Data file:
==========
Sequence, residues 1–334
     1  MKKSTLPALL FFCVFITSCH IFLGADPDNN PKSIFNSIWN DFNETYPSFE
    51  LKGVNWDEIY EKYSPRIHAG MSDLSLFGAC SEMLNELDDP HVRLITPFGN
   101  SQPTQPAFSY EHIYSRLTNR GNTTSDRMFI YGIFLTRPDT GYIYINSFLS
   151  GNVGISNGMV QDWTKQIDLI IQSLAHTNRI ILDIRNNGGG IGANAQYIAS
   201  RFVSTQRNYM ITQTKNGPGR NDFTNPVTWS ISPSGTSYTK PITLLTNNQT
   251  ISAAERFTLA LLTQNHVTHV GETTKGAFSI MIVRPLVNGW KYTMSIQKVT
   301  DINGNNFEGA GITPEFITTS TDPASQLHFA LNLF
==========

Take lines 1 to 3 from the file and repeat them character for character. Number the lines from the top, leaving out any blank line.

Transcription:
Sequence, residues 1–334
     1  MKKSTLPALL FFCVFITSCH IFLGADPDNN PKSIFNSIWN DFNETYPSFE
    51  LKGVNWDEIY EKYSPRIHAG MSDLSLFGAC SEMLNELDDP HVRLITPFGN